What are the Beatrix Potter 50p coins worth, how much do they cost and where can I buy them?

But are the 50p pieces worth anything, and how much do they cost? Here's what you need to know about rabbits, bunnies and tittlemouses of the currency world.

Where can I buy them?

The coins can be bought from the Royal Mint website after they were released in stages throughout 2018.

Peter Rabbit's likeness was the first to go on sale in February.

Hot on his hind limbs were Flopsy Bunny, Mrs Tittlemouse and a helpful mouse from The Tailor of Gloucester.

They followed on from the 2016 release of Jemima Puddle-Duck, Mrs Tiggy-Winkle, Squirrel Nutkin and another Peter Rabbit coin.

How much do they cost?

Silver-proof coloured coins are available for £60 each.
The "brilliant uncirculated silver" coins are on the market at £10.

Plain-metal versions come into the public's pocket when they enter circulation for a limited time later this year.

But the amount of coins that will be released into circulation are subject to demand, which cannot be predicted at this time.

Their value could quickly rise – with rare 50p pieces from a previous release in 2016 selling for up to £840 on eBay.

A full set of 2018 Beatrix Potter colour coins sold for £1,000 in July 2018, while another set sold for £500 the previous month.

The Royal Mint also announced it would be introducing a Paddington Bear 50p coin later this year.

In June 2018, a student spotted a Paddington Bear coin in her spare change in South Wales BEFORE the details of the new coin were released – and managed to flog it for £16,000 on eBay.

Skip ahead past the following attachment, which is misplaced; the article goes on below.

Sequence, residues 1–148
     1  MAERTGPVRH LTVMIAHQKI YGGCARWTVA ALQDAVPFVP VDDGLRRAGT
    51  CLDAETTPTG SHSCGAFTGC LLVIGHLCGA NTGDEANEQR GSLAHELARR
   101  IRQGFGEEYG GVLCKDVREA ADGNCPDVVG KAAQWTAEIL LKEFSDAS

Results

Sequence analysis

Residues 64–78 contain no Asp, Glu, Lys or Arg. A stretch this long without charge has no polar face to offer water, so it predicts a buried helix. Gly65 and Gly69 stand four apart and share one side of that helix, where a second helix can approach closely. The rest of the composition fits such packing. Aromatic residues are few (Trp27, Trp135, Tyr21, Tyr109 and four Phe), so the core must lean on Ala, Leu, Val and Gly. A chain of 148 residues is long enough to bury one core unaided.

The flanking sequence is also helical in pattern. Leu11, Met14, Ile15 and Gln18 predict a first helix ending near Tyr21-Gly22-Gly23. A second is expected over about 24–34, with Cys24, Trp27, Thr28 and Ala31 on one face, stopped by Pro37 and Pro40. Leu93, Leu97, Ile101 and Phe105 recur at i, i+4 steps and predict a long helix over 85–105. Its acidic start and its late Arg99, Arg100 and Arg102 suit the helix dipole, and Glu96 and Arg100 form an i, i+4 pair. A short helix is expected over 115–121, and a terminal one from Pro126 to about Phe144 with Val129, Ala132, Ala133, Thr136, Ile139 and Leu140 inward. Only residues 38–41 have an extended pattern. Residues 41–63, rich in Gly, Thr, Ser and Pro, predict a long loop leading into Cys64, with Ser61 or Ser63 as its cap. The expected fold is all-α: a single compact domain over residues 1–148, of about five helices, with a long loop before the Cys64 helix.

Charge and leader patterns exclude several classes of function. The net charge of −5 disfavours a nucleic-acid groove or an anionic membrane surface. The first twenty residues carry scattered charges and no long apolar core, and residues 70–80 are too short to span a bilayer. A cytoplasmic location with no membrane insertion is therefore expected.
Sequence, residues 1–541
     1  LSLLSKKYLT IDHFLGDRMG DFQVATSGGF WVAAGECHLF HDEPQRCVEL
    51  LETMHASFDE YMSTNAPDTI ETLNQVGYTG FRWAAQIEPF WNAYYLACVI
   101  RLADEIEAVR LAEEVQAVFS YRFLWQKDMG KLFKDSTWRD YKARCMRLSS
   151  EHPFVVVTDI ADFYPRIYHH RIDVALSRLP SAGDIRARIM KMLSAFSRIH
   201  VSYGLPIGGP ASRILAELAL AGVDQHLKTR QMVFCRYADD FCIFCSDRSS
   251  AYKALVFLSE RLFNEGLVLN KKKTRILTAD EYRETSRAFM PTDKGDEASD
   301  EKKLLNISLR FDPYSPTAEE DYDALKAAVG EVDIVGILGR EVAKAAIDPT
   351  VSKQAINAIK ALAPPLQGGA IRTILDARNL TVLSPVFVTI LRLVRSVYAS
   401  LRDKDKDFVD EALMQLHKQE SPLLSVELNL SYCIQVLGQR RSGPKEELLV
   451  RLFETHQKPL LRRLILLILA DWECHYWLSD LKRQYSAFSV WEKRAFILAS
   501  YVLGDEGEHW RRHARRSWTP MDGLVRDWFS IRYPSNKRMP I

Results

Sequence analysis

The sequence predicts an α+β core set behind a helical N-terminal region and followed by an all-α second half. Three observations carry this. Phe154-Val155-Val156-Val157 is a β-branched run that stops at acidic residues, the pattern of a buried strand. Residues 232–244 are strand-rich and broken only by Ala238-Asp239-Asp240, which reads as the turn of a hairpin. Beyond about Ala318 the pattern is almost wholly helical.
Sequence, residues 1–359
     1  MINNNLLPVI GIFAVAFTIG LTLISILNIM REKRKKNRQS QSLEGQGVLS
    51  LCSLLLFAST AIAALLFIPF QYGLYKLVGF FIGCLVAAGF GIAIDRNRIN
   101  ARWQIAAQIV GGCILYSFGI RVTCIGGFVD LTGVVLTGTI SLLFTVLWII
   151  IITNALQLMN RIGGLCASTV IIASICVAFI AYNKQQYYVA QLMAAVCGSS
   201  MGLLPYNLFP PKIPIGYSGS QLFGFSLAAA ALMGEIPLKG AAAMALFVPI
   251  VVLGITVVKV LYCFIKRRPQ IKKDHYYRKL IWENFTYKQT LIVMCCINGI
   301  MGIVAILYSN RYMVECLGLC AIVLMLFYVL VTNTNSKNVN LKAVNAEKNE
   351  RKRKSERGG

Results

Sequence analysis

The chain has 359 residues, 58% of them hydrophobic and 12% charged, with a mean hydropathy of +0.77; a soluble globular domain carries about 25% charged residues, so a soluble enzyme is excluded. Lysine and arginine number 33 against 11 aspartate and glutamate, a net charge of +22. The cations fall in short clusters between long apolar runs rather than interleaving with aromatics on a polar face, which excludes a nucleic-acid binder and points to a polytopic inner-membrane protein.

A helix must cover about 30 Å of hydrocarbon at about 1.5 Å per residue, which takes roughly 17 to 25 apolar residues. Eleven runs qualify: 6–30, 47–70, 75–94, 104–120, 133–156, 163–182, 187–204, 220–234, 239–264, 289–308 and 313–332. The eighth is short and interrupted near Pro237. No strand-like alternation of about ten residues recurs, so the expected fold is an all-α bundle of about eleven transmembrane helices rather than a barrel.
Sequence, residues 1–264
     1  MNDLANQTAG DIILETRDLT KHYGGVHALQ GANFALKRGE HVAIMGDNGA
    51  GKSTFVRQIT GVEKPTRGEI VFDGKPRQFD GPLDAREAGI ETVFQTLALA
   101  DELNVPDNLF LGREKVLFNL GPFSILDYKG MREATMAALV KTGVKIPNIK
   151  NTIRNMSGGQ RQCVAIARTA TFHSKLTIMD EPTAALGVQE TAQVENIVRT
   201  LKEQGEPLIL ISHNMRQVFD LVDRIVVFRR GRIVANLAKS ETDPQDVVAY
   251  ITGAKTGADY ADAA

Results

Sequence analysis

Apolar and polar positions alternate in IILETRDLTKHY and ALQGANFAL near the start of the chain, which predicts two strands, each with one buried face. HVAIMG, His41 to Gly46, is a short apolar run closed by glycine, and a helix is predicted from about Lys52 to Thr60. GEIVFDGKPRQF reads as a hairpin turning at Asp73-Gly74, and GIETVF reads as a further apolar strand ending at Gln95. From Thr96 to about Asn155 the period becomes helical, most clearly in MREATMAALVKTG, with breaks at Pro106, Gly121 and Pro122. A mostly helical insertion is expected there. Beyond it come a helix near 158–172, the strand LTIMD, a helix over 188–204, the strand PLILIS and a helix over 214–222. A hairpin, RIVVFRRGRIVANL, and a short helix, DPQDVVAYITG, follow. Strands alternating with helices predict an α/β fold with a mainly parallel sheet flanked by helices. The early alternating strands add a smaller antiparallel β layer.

Emma Noble, the designer for the Royal Mint – was in charge of fashioning the images, having previously worked on coins for the 60th anniversary of the Queen's coronation and Remembrance Sunday.

Will there be a new coin in 2019?

The Sun exclusively revealed that Chancellor Philip Hammond is set to unveil a new 50p coin in the October budget to commemorate Britain leaving the EU.

It will be available from March 29 next year, the day Britain exits the EU at 11pm.

And in a bid to send out a positive signal to the world, it is expected to bear the phrase, ‘Friendship With All Nations’.

The Sun has campaigned for the Government to create an enduring gesture to mark Brexit as a landmark national moment, such as a special stamp or coin.
The commemorative coin has had to be personally signed off by the Queen, as it will bear her head.

A source close to the Chancellor told The Sun: “It’s an historic moment which will rightly be commemorated”.

Can the coins be used as legal tender?

Yes, they can. Coins produced by the Royal Mint are released in different grades: two designed as collectors' pieces and one that will appear in the general circulation.

The Silver Proof commemorative coin is made of silver and features an intricate colour design.

It therefore commands a high price at £60 direct from the Royal Mint.

What do you do if you've got a rare coin?

Around one in every four old £1 coins were thought to be fake, according to the Royal Mint, so there are probably more fakers in your spare change then you realise.
The Royal Mint is unable to value a coin but it can confirm whether it is real or not. They will usually supply you with a letter to confirm this.
Once you’ve found out whether the coin is real or not, you have a number of options – either selling it through a coin dealer, at auction or on eBay.

Brilliant Uncirculated coins are quality struck coins created in lab conditions that are also for collectors, priced at £10 from the Royal Mint.

Finally, Circulation Grade coins are put into general circulation shortly after the release of the collectors' pieces.

While all three are legal tender, it is highly unlikely that a commemorative coin will appear in your change as collectors will be keen to look after their pieces.



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